Stephens Plays: 2: "One Minute"; "Country Music"; "Motortown"; "Pornography", "Sea Wall

Stephens Plays: 2: "One Minute"; "Country Music"; "Motortown"; "Pornography", "Sea Wall

4.07 (68 ratings by Goodreads)
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Description

This second collection of plays by Simon Stephens, winner of the 2005 Olivier Award for Best New Play for On the Shore of the Wide World, perfectly showcases the development of one of the most exciting and impressive theatre talents of recent years. The range of plays in this volume displays a tough sensibility and a courage to confront the more unsettling challenges of our times. One Minute, first produced in 2003 and revived in London in 2008, has an uncomfortable resonance as it follows five characters variously affected by the disappearance of Daisy, an 11-year-old girl, from Seven Dials, Covent Garden. Country Music spotlights four fateful moments in the life of Jamie Carris during and after the prison sentences he has served for glassing one man and for killing another. Motortown, written in response to the War on Terror, is a blistering account of a young soldier's return home from Basra to an England he no longer recognises or connects with. Pornography captures Britain as it crashes from the euphoria and promise of the 2012 Olympics announcement into the devastation of the London bombings of 7/7.
The final play, Sea Wall, is a one-act monologue about grief, following the drowning of a young child.
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Product details

  • Paperback | 320 pages
  • 129 x 196 x 19mm | 270g
  • METHUEN DRAMA
  • London, United Kingdom
  • English
  • 1408113910
  • 9781408113912
  • 183,697

Table of contents

One Minute; Country Music; Motortown; Pornography; Sea Wall
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Review quote

'It's only half-an-hour long, but Simon Stephens's one-man play Sea Wall packs an enormous emotional punch... The ever-exciting playwright Simon Stephens...has a pitch-perfect ear for narrative and holds back crucial plot details, while spinning off both into inconsequential and amusing anecdotes and existential angst... A spellbinding reminder of the power of story-telling in all its glorious simplicity.' ' Alice Jones, Independent, 13.8.09 Sea Wall lasts only half as long at 30 minutes but, paradoxically, contains more by leaving more out...Stephens's protagonist...circles round the issues of God and bereavement but never addresses either directly for more than a second or two.' Ian Shuttleworth, Financial Times, 9.8.09 'Sea Wall [is] one of the most devastating 30 minutes that you are ever likely to experience in the theatre. This monologue drenched in grief, told by a man who has lost everything, is not easy viewing: every word settles into your bones and grows cold there...The extraordinary power of Sea Wall is that it is concerned with both the domestic and the majestic. "Why" is the unspoken question that resonates around the theatre. Stephens offers no answer, but he realises that it is our need to know that makes us human.The extraordinary power of Sea Wall is that it is concerned with both the domestic and the majestic. "Why" is the unspoken question that resonates around the theatre. Stephens offers no answer, but he realises that it is our need to know that makes us human.' Lyn Gardner, Guardian, 12.8.09 'It's a delicate wisp of a thing, like a curl of cigarette-smoke exhaled in a moment of mournful reverie. After contact with it, sure enough, your eyes are welling up, and you're starting to choke... Stephens's writing...has a rich feel for the embarrassments, detours, short-cuts and comic self-deprecations of everyday speech.' Dominic Cavendish, Daily Telegraph, 7.8.09 'He writes so passionately and soulfully for ordinary people who are in really difficult predicaments. People who are violent, or whatever, can have immense humanity in them as well - Simon writes about that very well.' Daniel Mays, actor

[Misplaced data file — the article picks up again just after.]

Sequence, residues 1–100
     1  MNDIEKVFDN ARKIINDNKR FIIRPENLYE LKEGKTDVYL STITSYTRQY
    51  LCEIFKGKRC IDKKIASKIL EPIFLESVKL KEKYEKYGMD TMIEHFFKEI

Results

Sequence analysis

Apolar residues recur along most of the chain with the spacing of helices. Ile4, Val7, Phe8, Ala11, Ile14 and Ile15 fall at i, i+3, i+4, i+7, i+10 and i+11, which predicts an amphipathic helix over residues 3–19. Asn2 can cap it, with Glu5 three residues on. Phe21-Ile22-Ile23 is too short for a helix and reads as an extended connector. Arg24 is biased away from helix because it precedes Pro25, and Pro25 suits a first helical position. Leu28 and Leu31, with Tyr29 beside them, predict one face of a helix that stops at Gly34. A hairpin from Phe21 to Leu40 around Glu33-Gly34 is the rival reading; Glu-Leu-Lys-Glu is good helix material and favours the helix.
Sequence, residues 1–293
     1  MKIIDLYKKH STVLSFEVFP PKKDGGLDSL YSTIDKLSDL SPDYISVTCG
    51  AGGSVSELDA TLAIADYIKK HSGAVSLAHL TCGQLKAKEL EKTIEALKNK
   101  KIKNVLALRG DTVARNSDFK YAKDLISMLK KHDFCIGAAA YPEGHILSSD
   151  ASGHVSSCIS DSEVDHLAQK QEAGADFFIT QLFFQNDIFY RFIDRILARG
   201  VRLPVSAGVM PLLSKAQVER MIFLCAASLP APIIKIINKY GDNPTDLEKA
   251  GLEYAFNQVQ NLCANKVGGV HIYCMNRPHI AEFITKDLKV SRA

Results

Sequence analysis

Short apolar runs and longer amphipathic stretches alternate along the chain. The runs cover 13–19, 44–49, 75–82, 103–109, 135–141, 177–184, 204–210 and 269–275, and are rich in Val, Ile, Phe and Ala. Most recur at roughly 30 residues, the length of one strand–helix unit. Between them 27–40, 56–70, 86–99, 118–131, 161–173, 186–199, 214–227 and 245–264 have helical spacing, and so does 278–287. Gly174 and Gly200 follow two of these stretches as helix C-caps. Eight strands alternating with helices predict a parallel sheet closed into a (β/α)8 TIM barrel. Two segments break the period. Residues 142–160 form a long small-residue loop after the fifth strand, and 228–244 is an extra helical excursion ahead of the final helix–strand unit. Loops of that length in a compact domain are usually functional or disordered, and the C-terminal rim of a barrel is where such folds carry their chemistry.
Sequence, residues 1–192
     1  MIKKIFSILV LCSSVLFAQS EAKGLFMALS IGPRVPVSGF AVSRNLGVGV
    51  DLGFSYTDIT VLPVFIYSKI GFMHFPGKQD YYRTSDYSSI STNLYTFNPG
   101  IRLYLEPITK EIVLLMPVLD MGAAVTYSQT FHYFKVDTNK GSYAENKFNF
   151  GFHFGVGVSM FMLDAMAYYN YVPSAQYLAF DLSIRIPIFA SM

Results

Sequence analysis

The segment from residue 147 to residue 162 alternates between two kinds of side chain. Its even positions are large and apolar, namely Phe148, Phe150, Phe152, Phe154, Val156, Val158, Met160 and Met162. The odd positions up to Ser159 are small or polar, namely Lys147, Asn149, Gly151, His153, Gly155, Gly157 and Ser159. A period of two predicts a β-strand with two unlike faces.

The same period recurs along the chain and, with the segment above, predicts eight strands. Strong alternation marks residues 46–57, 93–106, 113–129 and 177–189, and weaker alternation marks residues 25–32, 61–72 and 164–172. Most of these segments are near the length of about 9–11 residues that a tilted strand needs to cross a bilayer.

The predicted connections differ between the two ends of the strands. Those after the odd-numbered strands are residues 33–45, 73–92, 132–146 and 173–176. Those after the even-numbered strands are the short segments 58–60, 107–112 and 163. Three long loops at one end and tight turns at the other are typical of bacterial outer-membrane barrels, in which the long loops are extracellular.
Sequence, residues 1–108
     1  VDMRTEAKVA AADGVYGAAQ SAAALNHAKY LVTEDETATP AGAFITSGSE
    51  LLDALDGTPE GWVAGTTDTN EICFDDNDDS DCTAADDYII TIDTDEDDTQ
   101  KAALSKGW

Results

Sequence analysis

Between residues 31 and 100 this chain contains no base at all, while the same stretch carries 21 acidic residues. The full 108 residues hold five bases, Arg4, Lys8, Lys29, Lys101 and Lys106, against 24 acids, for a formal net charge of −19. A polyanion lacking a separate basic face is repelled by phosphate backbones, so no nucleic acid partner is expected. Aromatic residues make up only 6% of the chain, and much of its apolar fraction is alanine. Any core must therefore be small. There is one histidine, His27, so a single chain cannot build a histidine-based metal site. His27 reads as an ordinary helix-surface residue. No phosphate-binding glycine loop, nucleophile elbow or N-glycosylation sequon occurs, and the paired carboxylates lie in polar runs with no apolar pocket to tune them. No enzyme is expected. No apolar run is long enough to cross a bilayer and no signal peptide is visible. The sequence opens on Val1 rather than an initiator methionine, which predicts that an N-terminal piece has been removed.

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About Simon Stephens

Simon Stephens has been the recipient of both the Pearson Award for Best New Play 2001-2 for his play Port, and the Olivier Award for Best New Play 2005 for On the Shore of the Wide World. His most recent major play, Pornography, was produced at the 2008 Edinburgh Festival.
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Rating details

68 ratings
4.07 out of 5 stars
5 35% (24)
4 41% (28)
3 21% (14)
2 1% (1)
1 1% (1)
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